1,001 Statistics Practice Problems For Dummies
Statistics problems take on a wide range, from pie charts, bar graphs, means, and standard deviation to correlation, regression, confidence intervals, and hypothesis tests. To be successful, you need to be able to make connections between statistical ideas and statistical formulas. Through practice, you see what type of technique is required for a problem and why, as well as how to set up the problem, work it out, and make proper conclusions. Most statistics problems you encounter likely involve terminology, symbols, and formulas. No worries! This Cheat Sheet gives you tips for success.
Terminology Used in Statistics
Like every subject, statistics has its own language. The language is what helps you know what a problem is asking for, what results are needed, and how to describe and evaluate the results in a statistically correct manner. Here's an overview of the types of statistical terminology:
Four big terms in statistics are population, sample, parameter, and statistic:
A population is the entire group of individuals you want to study, and a sample is a subset of that group.
A parameter is a quantitative characteristic of the population that you're interested in estimating or testing (such as a population mean or proportion).
A statistic is a quantitative characteristic of a sample that often helps estimate or test the population parameter (such as a sample mean or proportion).
Descriptive statistics are single results you get when you analyze a set of data — for example, the sample mean, median, standard deviation, correlation, regression line, margin of error, and test statistic.
Statistical inference refers to using your data (and its descriptive statistics) to make conclusions about the population. Major types of inference include regression, confidence intervals, and hypothesis tests.
Breaking Down Statistical Formulas
Formulas abound in statistics problems — there's just no getting around them. However, there's typically a method to the madness if you can break the formulas into pieces. Here are some helpful tips:
Formulas for descriptive statistics basically take the values in the data set and apply arithmetic operations. Often, the formulas look worse than the process itself. The key: If you can explain to your friend how to calculate a standard deviation, for example, the formula is more of an afterthought.
Formulas for the regression line have a basis in algebra. Instead of the typical y = mx + b format everyone learns in school, statisticians use y = a + bx.
The slope, b, is the coefficient of the x variable.
The y-intercept, a, is where the regression line crosses the y-axis.
The formulas for finding a and b involve five statistics: the mean of the x-values, the mean of the y-values, the standard deviations for the x's, the standard deviations for the y's, and the correlation.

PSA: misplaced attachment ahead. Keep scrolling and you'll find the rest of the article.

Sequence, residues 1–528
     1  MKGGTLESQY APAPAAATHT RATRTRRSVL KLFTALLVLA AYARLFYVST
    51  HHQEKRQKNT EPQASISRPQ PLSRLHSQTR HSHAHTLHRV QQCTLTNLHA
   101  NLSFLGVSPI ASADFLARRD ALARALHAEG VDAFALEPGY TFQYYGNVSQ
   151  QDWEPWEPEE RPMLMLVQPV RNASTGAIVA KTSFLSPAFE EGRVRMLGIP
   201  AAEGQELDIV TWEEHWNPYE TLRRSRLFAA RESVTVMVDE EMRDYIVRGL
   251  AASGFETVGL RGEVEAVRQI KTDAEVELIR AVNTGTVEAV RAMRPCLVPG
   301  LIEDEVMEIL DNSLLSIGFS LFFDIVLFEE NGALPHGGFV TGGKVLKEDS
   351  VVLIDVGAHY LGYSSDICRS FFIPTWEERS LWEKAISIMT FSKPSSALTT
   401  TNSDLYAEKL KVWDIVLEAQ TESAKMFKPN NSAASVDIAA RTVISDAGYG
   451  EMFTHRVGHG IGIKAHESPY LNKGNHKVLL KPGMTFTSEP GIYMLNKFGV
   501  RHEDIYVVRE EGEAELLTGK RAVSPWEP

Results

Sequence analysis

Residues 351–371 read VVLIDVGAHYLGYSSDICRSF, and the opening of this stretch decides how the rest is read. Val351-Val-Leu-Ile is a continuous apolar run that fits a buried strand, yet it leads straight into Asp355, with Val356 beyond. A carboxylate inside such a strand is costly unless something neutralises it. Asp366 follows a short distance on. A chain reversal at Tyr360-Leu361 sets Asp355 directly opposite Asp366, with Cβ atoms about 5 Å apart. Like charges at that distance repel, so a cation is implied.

All the various confidence interval formulas, when made into a list, can look like a hodge-podge of notation. However, they all have the same structure: a descriptive statistic (from your sample) plus or minus a margin of error. The margin of error involves a z*-value (from the Z-distribution) or t*-value (from the t-distribution) times the standard error. The parts you need for standard error are generally provided in the problem, and the z*- or t*-values come from tables.
Hypothesis tests also have a common structure. Although each one involves a series of steps to carry out, they all boil down to one thing: the test statistic. A test statistic measures how far your data is from what the population supposedly looks like. It takes the difference between your sample statistic and the (claimed) population parameter and standardizes it so you can look it up on a common table and make a decision.
Checking Out Statistical Symbols
Symbols (or notation) found in statistics problems fall into three categories: math symbols, symbols referring to a population, and symbols referring to a sample. Math symbols are easy enough to decipher with a simple review of algebra; they involve items such as square root signs, equations of a line, and combinations of math operations. The other two categories are a bit more challenging, and knowing the difference between them is critical.
Sticking to a Strategy When You Solve Statistics Problems
Solving statistics problems is always about having a strategy. You can't just read a problem over and over and expect to come up with an answer — all you'll get is anxiety! Although not all strategies work for everyone, here's a three-step strategy that has proven its worth:
Label everything the problem gives you.
For example, if the problem says "X has a normal distribution with a mean of 10 and a standard deviation of 2," leap into action: Circle the 10 and write μ, and circle the 2 and write σ. That way you don't have to hunt later to find the numbers you need.
Write down what you're asked to find in a statistical manner.
Hint: Questions typically tell you what they want in the last line of the problem. For example, if you're asked to find the probability that more than 10 people come to the party, write "Find P(X > 10)."
Use a formula, a process, or an example you've seen to connect what you're asked to find with what the problem gives you.
For example, suppose you're told that X has a normal distribution with a mean of 80 and a standard deviation of 5, and you want the probability that X is less than 90. Label what you're given: "X normal with μ = 80 and σ = 5." Next, write what you need to find, using symbols: "Find P(X < 90)." Because X has a normal distribution and you want a probability, the connection is the Z-formula: Z = (X – μ)/σ. You have a good idea that this is the right formula because it includes everything you have: μ, σ, and the value of X (which is 90). Find P(X < 90) = P[Z < (90 – 80)/5] = P(Z < 2) = 0.9772. Voilà!